by Theodora Goss
Where did Philomela, raped and mute,
find the threads to weave a tapestry,
imprisoned as she was in a tower,
in the forest of Thrace,
you ask me.
And I answer, the trees
bent their branches to give her
green leaves, from which she pulled
filaments. The birds flying above let fall
red and brown and orange feathers,
which she spun into strong fibers.
Blue came from the sky reflected in a pool,
wound on a spool by her clever fingers.
Clouds descended so she could have white
like tufts of wool. For black,
thin strands of darkness without stars
were donated by night, and the day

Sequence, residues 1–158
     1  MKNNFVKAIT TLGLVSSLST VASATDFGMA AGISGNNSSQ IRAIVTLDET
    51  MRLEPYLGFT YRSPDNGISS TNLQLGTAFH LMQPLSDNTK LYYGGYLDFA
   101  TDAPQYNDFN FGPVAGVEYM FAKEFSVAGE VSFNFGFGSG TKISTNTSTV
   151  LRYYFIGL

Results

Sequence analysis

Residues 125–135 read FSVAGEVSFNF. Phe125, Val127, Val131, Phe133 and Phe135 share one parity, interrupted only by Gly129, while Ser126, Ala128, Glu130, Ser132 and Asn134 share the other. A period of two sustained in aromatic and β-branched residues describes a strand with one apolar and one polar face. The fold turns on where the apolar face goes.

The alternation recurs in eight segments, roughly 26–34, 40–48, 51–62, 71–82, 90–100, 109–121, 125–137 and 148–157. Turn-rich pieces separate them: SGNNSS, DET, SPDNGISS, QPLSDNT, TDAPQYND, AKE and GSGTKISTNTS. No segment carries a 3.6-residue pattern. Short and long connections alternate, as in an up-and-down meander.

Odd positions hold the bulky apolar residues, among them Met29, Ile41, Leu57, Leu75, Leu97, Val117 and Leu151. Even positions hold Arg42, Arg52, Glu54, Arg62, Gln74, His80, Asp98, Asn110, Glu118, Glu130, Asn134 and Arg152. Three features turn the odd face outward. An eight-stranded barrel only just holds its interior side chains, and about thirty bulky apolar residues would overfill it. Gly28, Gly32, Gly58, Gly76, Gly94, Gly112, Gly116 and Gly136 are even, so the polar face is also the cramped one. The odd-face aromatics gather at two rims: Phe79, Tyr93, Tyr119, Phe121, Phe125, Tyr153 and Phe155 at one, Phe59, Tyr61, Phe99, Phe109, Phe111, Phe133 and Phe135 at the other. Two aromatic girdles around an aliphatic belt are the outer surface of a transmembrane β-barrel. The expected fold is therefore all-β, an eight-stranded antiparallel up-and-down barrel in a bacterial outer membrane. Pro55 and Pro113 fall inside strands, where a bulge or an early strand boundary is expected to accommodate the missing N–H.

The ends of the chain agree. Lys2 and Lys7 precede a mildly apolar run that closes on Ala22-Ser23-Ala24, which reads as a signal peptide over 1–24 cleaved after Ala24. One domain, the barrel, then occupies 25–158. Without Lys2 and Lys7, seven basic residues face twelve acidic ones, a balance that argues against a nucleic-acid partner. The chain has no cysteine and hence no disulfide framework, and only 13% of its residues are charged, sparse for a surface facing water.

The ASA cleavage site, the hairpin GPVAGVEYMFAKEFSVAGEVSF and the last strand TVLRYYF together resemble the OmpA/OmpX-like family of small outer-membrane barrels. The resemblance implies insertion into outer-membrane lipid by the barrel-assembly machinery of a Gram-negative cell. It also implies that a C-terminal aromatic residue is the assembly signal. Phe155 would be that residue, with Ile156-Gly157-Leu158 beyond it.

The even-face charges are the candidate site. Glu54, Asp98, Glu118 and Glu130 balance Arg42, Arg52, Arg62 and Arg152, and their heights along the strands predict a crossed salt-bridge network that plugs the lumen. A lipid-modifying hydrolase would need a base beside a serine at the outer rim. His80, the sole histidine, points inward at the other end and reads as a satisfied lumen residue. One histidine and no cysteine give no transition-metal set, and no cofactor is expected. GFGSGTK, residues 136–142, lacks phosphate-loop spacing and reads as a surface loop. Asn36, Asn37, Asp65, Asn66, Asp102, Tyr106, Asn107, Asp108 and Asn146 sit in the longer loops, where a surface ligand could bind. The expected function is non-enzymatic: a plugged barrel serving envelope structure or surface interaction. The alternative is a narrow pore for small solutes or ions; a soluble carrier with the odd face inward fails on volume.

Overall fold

would have given all her yellow away
if Philomela had asked.
The moon contributed a skein
of her own silver hair, and purple twilight
wove itself into the tapestry
to set Philomela free
from her prison, her silence.
You could say they collaborated
to tell her story.
When the tapestry had been woven,
thread by thread, night said:
she has been silenced, this young
woman, Procne’s sister. But together
we have given her a tongue.
(The painting is The Spinner by William-Adolphe Bouguereau.)